Hereditary Pancreatitis
Trypsinogen Gene Mutations

Hereditary Pancreatitis is a rare genetic condition characterized by recurrent episodes of acute pancreatitis attacks. In about half of these cases the problem progresses to chronic pancreatitis, which is severe scarring of the pancreas. Symptoms of an acute attack include abdominal pain, nausea, and vomiting. Laboratory test during an attack usually detect high blood levels of amylase and lipase, which are enzymes released from the pancreas. The first attack typically occurs within the first two decades of life but can begin at any age. In the United States, it is estimated that at least 1,000 individuals are affected with hereditary pancreatitis.

At this time, there is no cure for HP. Treating the symptoms associated with HP is the choice method of medical management. Patients may be prescribed pancreatic enzyme supplements to treat maldigestion, insulin to treat diabetes, analgesics and narcotics to control pain, and lifestyle changes to reduce the risk of pancreatic cancer (for example, NO SMOKING!).

Dietary recommendations to help control pain with digestion include the consumption of small meals throughout the day that are high in carbohydrates and low in protein and fat. Pancreatic enzymes such as Creon, Pancrease, and Violiase are helpful in providing improved digestion and a reduction in diarrhoea and pain for some patients with more advanced disease.

Exposure to smoking and alcohol are known to dramatically increase the risk for pancreatic attacks among individuals with HP. Smoking is strongly discouraged as it doubles the risk for pancreatic cancer. Similarly, alcohol consumption is not recommended for these patients because alcohol is a known risk factor for both acute and chronic pancreatitis. Therefore it is recommended that all HP patients avoid smoking and alcohol consumption.

HP is a genetic disorder, which means that it is usually passed from one generation to the next.

The symptoms of HP are caused by a change to a specific gene. Genes are the packages of information that control how our bodies look and function. A single gene appears to be involved in 60-75% of hereditary pancreatitis families. This gene produces the "cationic trypsinogen" enzyme, which breaks down the proteins present in the foods we eat. (In some research papers cationic trypsinogen is called PRSS1).

When a change to a gene occurs, the gene may no longer function properly. These gene changes are called mutations. Currently, there are two common, and more that 6 uncommon cationic trypsinogen gene mutations that are associated with hereditary pancreatitis. The major mutations are known as cationic trypsinogen "R122H", "N29I".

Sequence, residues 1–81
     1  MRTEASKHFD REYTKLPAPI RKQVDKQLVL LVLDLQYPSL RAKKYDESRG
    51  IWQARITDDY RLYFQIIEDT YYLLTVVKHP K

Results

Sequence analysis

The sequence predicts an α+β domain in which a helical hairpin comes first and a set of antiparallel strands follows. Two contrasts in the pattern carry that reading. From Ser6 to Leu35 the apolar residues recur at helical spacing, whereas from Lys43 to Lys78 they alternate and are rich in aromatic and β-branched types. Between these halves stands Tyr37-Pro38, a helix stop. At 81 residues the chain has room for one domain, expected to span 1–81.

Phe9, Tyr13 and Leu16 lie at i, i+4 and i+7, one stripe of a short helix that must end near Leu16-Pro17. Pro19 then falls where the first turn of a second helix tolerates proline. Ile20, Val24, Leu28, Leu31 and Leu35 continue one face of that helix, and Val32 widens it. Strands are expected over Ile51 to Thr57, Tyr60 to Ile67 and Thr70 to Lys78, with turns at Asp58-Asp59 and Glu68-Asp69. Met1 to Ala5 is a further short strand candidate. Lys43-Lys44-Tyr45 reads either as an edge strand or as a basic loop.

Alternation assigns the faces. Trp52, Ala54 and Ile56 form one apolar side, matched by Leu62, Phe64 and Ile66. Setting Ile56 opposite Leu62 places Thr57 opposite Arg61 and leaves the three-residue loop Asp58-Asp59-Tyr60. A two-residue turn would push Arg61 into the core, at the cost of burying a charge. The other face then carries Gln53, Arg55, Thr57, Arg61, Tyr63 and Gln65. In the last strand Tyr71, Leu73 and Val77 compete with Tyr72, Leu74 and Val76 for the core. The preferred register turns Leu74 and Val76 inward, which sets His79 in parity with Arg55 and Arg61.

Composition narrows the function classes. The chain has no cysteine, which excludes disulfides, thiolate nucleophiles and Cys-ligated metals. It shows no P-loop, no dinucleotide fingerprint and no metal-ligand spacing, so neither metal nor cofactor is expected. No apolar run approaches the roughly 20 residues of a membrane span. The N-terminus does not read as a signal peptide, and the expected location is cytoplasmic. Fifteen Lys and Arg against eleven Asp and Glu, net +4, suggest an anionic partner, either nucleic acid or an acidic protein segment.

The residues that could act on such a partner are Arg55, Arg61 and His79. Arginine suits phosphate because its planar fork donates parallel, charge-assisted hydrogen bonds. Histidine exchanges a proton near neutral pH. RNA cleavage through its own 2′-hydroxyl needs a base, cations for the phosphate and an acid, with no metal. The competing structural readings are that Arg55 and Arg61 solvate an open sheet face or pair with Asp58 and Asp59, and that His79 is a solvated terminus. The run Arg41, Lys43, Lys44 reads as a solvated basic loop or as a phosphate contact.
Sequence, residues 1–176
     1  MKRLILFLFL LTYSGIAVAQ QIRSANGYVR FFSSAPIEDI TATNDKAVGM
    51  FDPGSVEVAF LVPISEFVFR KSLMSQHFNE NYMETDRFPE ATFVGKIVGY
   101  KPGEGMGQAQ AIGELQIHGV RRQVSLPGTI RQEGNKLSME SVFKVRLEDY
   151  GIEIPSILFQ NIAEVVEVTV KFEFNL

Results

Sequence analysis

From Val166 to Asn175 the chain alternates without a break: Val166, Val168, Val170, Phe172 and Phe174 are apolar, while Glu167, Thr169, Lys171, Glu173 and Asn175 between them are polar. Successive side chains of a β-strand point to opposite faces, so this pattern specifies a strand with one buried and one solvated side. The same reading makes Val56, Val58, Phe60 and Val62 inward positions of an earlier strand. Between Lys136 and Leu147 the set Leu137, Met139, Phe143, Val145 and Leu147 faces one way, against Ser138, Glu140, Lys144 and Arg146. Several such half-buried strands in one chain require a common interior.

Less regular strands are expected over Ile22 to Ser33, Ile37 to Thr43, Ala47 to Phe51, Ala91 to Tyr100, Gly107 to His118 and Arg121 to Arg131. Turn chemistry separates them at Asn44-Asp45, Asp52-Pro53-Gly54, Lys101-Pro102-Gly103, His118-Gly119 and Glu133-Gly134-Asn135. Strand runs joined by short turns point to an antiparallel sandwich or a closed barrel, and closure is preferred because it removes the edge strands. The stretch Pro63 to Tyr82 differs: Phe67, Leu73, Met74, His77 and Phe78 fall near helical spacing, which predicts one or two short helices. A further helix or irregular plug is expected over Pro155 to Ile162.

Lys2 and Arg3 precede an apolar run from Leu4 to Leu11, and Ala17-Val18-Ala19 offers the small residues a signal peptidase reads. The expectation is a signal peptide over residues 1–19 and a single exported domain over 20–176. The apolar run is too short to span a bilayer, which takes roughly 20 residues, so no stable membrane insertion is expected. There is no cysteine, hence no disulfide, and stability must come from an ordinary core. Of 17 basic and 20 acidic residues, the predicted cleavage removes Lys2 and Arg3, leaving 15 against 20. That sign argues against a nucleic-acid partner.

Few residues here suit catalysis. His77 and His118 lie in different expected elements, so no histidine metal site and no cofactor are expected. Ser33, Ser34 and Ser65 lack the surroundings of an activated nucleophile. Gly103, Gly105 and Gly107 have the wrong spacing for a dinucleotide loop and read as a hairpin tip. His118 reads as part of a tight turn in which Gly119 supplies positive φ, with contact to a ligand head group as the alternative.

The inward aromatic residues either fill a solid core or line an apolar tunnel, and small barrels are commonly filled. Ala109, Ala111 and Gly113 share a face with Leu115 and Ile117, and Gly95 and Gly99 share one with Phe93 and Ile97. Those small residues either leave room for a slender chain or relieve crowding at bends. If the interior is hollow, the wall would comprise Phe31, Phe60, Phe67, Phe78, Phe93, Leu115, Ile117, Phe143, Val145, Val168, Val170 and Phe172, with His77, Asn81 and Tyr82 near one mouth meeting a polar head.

Families with HP might carry one of these mutations, but usually not more than one type of mutation. It is also possible that a family with a strong history of HP may not carry any of the currently known mutations. For this reason, it is believed that additional genes and mutations that cause HP are awaiting discovery. (Every concerned person is encouraged to join ongoing research studies through the University of Pittsburgh 1-888-PITT DNA, or an affiliated medical centre)

HP symptoms can develop at any age, but most patients have their first pancreatic attack before the age of 20. In addition, there is a great deal of variability in the frequency and severity of pancreatic attacks. Some affected relatives may only have a few episodes of pain, while others in the same family experience more severe symptoms. The cause for this variation in symptoms is unknown.

Individuals who have inherited either the R122H or the N29I mutation have an 80% risk of developing clinical symptoms of HP over the course of their lifetime. Although the remaining 20% of these mutation carriers do not show any symptoms, it is important to remember that they still have a risk of having a child who inherits their HP mutation and is affected with HP.

Much less is known about the other mutations, and it is believed that are rare in the population. Without additional knowledge about these mutations, it is not possible to predict how many people will eventually develop symptoms of pancreatitis.

All of our genes come in pairs. We inherit one set of genes from each of our parents. Hereditary pancreatitis is inherited in a dominant manner, which means that only one copy of the HP gene needs to have a mutation in order for an individual to become affected with HP.

When a parent carries an HP mutation in one of their genes, then each child has a 50% (or 1 in 2) chance of inheriting that mutation. It is important to remember that this risk to inherit an HP mutation is 50% for each pregnancy. The risk to have an affected child is actually less than 50% (it is approximately 40%) since one out of five individuals with the R122H or N29I mutation remain symptom-free over their lifetime.